Chinese tourists are being duped by unlicensed tour and transport operators who offer services at "unrealistically cheap" prices, local Chinese tourism operators here claim.

About 20 operators gathered in Three Kings, Auckland, last Friday where some horror stories were shared.

They are planning to form an association and lodge formal complaints with the police and other authorities such as the NZ Transport Agency.

Tat Tsui, the group's spokesperson, said there has been a spike of advertisements on local and Chinese apps and websites by unlicensed individuals offering airport pick-ups for as low as $20 and tours for as little as $45 a day.

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"Some Chinese tourists are told they are going to a farm but taken to see cows at Cornwall Park, and other tourists are have been hassled for loans by these rogue drivers during tours," Tsui said.

"The tourists don't make formal complaints, but they talk to others when they go back to China and it's giving New Zealand a bad name."

Tsui said he had already started talking to police about concerns the group had regarding tourist safety.

"Most of these unlicensed operators are international students from China who think they can make a buck because they are driving a car," he said.

"The customers don't know what state their car is in, and they don't know anything about the background of the people taking them around."

He said the group is concerned about a lack of regulations governing the industry.

Tourism New Zealand is urging visitors to report any operators that did not meet quality standards.

A spokeswoman said: "New Zealand offers a range of quality tourism operations.

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"We encourage visitors and Kiwis alike to do their due diligence when selecting a service and to report any that aren't meeting standards."

A group of Chinese tourists in 2013 was promised by a rogue operator an itinerary which included a grand Christmas buffet and cultural show, farm park with farm shows, wildlife reserve and a spa in Rotorua.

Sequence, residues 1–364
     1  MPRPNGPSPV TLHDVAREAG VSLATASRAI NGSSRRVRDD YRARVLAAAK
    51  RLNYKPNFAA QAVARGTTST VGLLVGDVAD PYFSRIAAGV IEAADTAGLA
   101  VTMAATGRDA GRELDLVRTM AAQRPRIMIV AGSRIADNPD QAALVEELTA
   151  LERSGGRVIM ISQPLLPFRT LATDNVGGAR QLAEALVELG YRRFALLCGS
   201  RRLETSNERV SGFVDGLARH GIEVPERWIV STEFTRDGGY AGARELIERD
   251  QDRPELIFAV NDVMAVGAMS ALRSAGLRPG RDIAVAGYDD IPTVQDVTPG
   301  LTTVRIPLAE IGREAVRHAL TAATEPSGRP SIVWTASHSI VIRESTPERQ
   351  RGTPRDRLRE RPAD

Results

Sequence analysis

What they got was an Auckland City Mission charity Christmas lunch, visit to the free Council-run Ambury Farm Park, Western Springs reserve and a visit to Rotorua's public Kuirau Park and a soak at its free foot bath.

Tsui said the situation had "gotten worse" since and many Chinese tourists continue to be "conned".

"Many of the advertisements are placed on China-based apps, and there is little we can do because we can't control them with New Zealand laws," he said.

Lily Li, director of Sheng Xin International - a tour and transport company based in Mt Albert - found about 670 advertisers on Chinese app huangbaoche.com offering New Zealand tour services.

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But she believed that less than 20 per cent of those are licensed operators.

Li said her business, and many of the contract drivers, have been hit hard by these unlicensed operators.

"You can tell from the unrealistically cheap prices they advertise that they are unlicensed operators," Li said.

"It is not possible to even cover cost if we charge $20 airport for airport pickups to anywhere in Auckland."

There were 3.79 million arrivals for the year ended June 2018, up 138,700 (3.8 per cent) from the year ended June 2017.

Last month, Asia was the only region to see a rise in visitor arrivals to New Zealand.

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Tourists from China saw the largest increase, up 1200 or 7 per cent when compared with June last year.